• Must be considerably less cost than replacement of the electromechanical relay scheme with new microprocessor devices.

New “Clip-On to Automate” Technologies Provide the Needed Solution for Today

At last there is now an alternative solution that can be deployed quickly without disruption and without major investment, while providing the precise information and correct operational data required for today’s critical power environment, in an ultra easy, accessible and useable manner.

The SATEC concept of “Clip-On to Automate” calls for adding a single PM174 Power Quality/Fault Analyzer to each feeder with the utmost minimal panel and wiring changes, to give total automation information, while co-working with the existing electromechanical relays, and not interfering with the protection scheme. It extends the useful life of these relays by providing all the information that they cannot. The result is a cost-effective, compact, and fast means to automate.

The PM174 PQ Analyzer:

  • Fits into the standard 4-inch round meter hole, replacing the space of any existing analog “needle” meter, or is also available in a Din-Rail transducer version;
  • Connects to the existing PT’s for voltage and simply “clips-on” to existing CT secondaries for currents–not disturbing the CT circuits at all. The clip-on CTs are milliamp driven (not voltage driven) to allow up to 400 feet distance without signal degradation, provide excellent noise immunity, etc.;
  • Provides True RMS, simultaneously sampled, cycle-by-cycle measurements at 128 samples per cycle for 0.2 percent revenue grade accuracy;
  • Provides memory for data logging and trending information traditionally supplied by chart recorders;
  • Measures fault currents to 100 Amps (20X) via clip-on CTs and provides complete fault waveforms at 128 samples-per-cycle, to allow full analysis from long duration trip/recluse recordings to short duration capacitor bank switching disturbances. Also provides phasor diagrams and symmetrical components;
  • Provides extensive Power Quality information per IEEE-1159 categories. They also provide full 3-phase voltage and current waveform information, with pre/post fault, at 128 samples per cycle. Measurements of Flicker per IEC 61000-4-15, ITI (CBEMA) curves, Statistical report writer, and export to PQDIF and COMTRADE format are supported;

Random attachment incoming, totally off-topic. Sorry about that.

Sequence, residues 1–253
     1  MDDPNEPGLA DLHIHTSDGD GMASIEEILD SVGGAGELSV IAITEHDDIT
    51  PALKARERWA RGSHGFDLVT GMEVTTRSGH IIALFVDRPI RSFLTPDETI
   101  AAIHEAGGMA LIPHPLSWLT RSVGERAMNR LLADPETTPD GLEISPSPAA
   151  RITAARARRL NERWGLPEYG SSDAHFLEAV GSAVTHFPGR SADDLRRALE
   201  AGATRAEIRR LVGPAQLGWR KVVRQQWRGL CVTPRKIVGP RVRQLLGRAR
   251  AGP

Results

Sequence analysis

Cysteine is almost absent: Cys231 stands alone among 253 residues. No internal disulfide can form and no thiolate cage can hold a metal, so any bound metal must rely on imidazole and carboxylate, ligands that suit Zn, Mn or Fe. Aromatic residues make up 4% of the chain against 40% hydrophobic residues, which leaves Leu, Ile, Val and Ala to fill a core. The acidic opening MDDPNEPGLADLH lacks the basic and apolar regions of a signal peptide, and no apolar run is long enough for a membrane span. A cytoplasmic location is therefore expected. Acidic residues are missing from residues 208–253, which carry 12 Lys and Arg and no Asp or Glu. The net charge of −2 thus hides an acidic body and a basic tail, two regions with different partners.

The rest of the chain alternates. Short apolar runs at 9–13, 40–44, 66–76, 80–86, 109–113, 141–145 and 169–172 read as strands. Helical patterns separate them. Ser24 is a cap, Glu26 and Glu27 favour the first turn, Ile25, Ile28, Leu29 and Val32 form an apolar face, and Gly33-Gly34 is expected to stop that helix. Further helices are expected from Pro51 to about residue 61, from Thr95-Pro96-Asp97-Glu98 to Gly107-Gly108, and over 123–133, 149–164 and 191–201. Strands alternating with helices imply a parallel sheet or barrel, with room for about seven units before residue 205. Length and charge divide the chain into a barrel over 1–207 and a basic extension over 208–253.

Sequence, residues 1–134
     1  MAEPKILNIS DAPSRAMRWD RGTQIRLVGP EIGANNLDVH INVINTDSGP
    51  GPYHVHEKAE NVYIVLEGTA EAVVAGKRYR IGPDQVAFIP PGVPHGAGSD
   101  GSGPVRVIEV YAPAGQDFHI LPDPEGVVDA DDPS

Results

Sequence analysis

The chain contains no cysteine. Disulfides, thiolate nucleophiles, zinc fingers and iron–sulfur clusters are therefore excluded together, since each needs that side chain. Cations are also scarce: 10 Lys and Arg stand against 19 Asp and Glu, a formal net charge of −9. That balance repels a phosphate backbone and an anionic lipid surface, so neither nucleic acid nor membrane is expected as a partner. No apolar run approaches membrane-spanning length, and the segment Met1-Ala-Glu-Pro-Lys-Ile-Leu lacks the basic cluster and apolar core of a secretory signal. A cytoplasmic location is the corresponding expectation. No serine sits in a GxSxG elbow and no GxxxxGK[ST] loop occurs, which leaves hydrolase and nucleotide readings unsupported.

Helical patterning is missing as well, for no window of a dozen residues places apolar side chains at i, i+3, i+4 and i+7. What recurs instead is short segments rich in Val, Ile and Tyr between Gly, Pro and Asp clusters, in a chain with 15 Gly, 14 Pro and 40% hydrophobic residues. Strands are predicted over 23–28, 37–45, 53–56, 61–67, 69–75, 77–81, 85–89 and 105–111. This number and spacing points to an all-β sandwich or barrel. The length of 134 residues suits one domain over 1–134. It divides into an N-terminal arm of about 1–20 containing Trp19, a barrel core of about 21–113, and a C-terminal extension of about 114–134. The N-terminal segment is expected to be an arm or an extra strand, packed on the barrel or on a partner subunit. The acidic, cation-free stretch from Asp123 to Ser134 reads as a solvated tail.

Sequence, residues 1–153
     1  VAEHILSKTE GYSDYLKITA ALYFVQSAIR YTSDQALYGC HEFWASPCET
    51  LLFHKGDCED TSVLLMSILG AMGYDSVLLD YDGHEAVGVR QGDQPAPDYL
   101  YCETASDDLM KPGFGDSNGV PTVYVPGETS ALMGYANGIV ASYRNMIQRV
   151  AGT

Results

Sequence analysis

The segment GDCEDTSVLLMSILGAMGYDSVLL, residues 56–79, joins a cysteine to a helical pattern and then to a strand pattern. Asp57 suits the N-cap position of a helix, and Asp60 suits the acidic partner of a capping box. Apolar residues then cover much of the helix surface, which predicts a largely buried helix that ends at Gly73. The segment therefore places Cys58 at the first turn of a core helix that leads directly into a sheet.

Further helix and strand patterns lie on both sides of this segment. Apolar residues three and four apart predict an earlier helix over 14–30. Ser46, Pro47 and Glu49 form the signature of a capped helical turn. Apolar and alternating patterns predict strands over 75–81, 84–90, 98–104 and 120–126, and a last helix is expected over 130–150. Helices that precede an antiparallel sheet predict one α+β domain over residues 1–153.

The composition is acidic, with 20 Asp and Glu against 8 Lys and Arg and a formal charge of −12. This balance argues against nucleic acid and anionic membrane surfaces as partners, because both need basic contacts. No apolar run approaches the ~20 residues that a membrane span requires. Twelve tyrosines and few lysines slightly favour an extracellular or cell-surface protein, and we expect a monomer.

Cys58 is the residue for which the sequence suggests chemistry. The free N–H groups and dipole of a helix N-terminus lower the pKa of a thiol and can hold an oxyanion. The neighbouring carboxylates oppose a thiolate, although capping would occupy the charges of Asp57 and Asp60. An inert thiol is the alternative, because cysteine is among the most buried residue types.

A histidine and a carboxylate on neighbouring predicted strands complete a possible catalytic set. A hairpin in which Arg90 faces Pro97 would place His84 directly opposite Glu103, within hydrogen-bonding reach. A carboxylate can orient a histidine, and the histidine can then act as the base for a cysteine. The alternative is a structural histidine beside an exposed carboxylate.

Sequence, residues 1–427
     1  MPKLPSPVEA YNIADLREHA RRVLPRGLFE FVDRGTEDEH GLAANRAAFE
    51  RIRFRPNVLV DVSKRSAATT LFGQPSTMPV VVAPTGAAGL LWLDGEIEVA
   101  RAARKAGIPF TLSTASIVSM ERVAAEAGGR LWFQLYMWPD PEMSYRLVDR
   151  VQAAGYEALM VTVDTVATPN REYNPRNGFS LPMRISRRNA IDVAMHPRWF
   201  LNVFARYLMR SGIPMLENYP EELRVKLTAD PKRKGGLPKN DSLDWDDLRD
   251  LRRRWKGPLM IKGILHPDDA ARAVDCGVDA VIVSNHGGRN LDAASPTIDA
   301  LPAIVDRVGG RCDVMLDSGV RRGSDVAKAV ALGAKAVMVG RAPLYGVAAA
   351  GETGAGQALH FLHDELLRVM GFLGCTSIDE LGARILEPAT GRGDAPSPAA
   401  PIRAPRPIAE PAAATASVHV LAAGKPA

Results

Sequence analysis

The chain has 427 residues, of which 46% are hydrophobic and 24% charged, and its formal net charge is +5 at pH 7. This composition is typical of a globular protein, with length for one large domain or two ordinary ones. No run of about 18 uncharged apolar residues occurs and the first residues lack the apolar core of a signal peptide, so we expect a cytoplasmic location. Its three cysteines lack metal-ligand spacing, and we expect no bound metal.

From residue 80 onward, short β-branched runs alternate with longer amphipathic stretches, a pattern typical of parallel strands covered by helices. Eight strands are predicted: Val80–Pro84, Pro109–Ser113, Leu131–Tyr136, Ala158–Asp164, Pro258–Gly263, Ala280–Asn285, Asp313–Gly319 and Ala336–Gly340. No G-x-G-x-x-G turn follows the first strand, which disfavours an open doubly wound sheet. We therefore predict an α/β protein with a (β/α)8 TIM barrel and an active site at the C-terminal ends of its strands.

• Provides full Harmonic information to the 63rd harmonic, and includes Voltage, Current, and Power harmonics, including the direction of each individual harmonic, whether Source or Load generated. It also features intelligent Setpoint monitoring to alarm if harmonic levels rise to a point that will cause decreased capacity of equipment, to help prevent transformers, feeder wires, fuses, etc., from being inadvertently overloaded;
  • Provides Smart I/O for status information, logic and control;
  • Up to four digital inputs for monitoring Breaker status, relay trip targets, etc., time stamped to 1 ms;
  • Up to four relay outputs for selective alarm and logical control of capacitors, voltage control, load shedding, etc., via AND/OR set point logic;
  • Two optional analog outputs are available to output transducer data;
  • Two optional analog inputs for sensor data;
  • Provides bright 3-phase-at-once LED local display with optional surface or rackmount Intelligent Graphic Touch-screen display for Fault and PQ waveforms, Phasors, etc.; and
  • Provides multi-port remote communications to allow standard operational data to be collected by traditional SCADA systems from one port, and higher level “non-operational” type data from substation feeders to help identify and solve power system problems, that the traditional relays cannot provide, to be polled and collected by different departments. These include Power Quality, Waveform analysis, Harmonics and predictive information. It is ideal for substation automation because of its support of the industry standard DNP3.0 and Modbus RTU protocols over RS232, RS485, Ethernet or modem options.

At last there is now a solution available in the Substation/Feeder Automation market that is considerably less cost than the process of total replacement of the electromechanical relay scheme with new microprocessor devices, is fast to implement, keeps disruption to an absolute minimum, and provides the precise information and operational data needed for today’s critical loads.


About the Author:
Edwin R. Hoinowski has over 40 years of diverse and pioneering experience in the Electric Power field. He has been President and COO of SATEC Inc. since 1997.

Ed has a BS in Electrical Engineering from New Jersey Institute of Technology, Graduate Studies at Stevens Institute of Technology. He is an active member of the Institute of Electrical and Electronic Engineers (IEEE) and the Power Engineering Society.